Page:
This Is Better Than That
This can be a fun way to interact with each other by trying to persuade other members of a group. Ask each person to choose one item from their room and bring it to the computer. Don’t tell them what type of item to choose or what they will do with it. Now divide the class into breakout rooms. Each member will share their item with the rest of the group. Tell the group that they must now select one of these items to be the only thing they can have with them on a deserted island. The owner of each item should make a “pitch” to persuade the other members of the group that their item is the most useful, important, practical, enjoyable, etc. The team must decide on a winning item, then present it and describe why they chose it to the full class.
Toilet Paper Game
This is an classic icebreaker game, but maybe even more relevant not because of the quarantine shortages! Ask each student how many squares of toilet paper they want but don’t tell them why you are asking. You could even ask students to go to the bathroom and grab the number of squares they want. (You may want to set a maximum number to manage time.) For each square of toilet paper the student must tell one fact about themselves.
Prepare a list of music trivia questions and two possible answers. Examples:
- How many beats does a quarter note get in 4/4 time—one or four?
- Who wrote Moonlight Sonata—Mozart or Beethoven?
- Does the time signature appear before or after the clef sign?
- Are there four or five families of instruments in the orchestra?
Make sure everyone is using the gallery view on screen. Explain that if you think the answer is the first choice, you put your hand on your head. If you think the answer is the second choice, put your hand on your shoulder. When you give the answer, anyone who responded incorrectly is eliminated from the game by turning off their video temporarily (but remaining in the meeting). The last person left on screen is the winner!
For this activity, each student will describe themselves in a tweet (140 characters or less), without revealing their name. Give them five minutes to write the tweet, then send it to you (and only you) in the chat window. Read each tweet to the group and try to guess who wrote it.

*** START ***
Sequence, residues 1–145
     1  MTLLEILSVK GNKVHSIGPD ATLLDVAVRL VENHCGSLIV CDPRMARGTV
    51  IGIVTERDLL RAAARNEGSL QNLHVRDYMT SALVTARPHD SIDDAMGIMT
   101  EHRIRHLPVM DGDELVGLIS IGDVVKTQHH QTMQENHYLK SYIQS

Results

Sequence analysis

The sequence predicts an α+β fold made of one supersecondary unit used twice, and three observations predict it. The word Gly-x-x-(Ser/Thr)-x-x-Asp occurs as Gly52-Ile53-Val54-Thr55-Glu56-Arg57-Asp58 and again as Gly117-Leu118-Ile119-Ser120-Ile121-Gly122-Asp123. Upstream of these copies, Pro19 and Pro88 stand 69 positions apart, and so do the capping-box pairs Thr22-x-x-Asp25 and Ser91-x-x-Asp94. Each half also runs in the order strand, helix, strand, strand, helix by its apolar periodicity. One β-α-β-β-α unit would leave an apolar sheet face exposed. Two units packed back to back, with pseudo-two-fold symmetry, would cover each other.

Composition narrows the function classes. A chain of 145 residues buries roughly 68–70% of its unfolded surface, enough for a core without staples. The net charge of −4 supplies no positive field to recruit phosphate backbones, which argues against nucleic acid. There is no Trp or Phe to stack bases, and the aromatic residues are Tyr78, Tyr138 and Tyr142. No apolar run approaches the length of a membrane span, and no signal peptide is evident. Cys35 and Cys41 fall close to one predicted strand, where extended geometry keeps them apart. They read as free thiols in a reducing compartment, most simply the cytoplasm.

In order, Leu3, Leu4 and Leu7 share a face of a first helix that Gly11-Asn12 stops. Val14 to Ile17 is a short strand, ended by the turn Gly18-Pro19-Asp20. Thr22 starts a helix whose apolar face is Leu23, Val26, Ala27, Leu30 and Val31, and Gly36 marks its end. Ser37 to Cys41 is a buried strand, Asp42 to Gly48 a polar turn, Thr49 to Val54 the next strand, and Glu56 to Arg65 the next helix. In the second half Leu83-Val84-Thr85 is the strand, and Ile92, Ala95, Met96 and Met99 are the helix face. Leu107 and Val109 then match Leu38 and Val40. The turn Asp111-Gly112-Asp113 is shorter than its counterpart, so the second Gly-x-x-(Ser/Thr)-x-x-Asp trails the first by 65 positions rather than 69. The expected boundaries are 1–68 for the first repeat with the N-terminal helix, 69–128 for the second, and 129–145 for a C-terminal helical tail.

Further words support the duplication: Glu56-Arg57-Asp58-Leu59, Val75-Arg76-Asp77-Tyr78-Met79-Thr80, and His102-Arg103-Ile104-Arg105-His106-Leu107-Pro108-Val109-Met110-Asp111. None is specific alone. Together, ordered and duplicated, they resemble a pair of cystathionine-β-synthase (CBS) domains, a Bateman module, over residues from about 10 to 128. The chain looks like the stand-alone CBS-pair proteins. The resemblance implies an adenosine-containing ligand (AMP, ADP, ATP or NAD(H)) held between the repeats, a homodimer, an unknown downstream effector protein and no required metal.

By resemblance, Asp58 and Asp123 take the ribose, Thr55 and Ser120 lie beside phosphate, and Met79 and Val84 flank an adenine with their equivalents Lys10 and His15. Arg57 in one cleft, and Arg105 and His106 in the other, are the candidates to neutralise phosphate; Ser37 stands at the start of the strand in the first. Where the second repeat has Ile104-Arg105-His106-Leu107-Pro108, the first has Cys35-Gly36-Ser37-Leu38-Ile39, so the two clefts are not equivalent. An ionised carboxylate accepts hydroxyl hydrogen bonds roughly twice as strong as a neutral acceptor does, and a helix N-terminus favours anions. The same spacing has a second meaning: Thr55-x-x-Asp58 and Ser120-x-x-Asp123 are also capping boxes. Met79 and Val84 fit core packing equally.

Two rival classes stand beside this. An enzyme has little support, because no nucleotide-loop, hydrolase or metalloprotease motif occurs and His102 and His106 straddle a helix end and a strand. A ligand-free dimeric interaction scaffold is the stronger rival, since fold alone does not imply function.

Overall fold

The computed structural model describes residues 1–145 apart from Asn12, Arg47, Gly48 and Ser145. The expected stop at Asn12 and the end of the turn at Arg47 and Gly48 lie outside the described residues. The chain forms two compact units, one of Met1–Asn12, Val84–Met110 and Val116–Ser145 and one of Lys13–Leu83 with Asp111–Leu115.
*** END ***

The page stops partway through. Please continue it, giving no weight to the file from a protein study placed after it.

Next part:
Use the virtual background feature to spark conversation! Establish a theme and ask students to choose a virtual background to match. Each student gets one minute to talk about why they chose their background. Themes could be:
- Favorite album
- Special memory from last year
- Place they wish they could be
- Scene from a favorite movie
- Funny choir meme
A fun way to do some vocalizing in a non-intimidating way. Everyone will be pretending to throw an invisible ball to each other. The “thrower” says the name of the person they are “throwing” to, then sings a pattern or makes a unique vocalization. The “catcher” has to repeat the pattern/sound, then they become the “thrower,” calling out the next name and singing their own pattern. The game continues until everyone has caught the ball once. Begin the game with everyone raising their hand (either physically or using the “raise hand” feature) so it’s easy to see who has not caught the ball yet.
What Is That?
To prepare for this activity, take (or find) photos that are close-ups of various musical instruments. For example, just the top of a valve on a trumpet, or the soundhole of a guitar. Show one picture at a time to the group and let them guess what it is they are looking at. Start with a couple of easier photos to get them warmed up, then get progressively more difficult.
Which Instrument Are You?
Each student chooses a musical instrument that they think is most like them. Have everyone give a short description of why they chose this instrument.
Would You Rather?
Develop a list of questions to spark conversation and debate:
- Would you rather listen to your younger sibling’s music, or your parent’s music?
- Would you rather travel back in time, or to the future?
- Would you rather be without your phone, or without the internet?
- Would you rather be an adult or a little kid your whole life?
- Would you rather be Batman or Spiderman?
Your Name in Lights
Students design a slide to look like the opening credits of a movie to introduce themselves. Then choose a theme song to play with the slide. Everyone describes why they chose their song.
Krista Hart is a former music educator with a passion for choral music. She taught middle school music and spent nearly a decade assisting directors in choosing literature at Senseney Music. She is the author of the books Music-Go-Round, A Music Teacher's Gratitude Journal, and The Mindful Music Classroom.View Author Page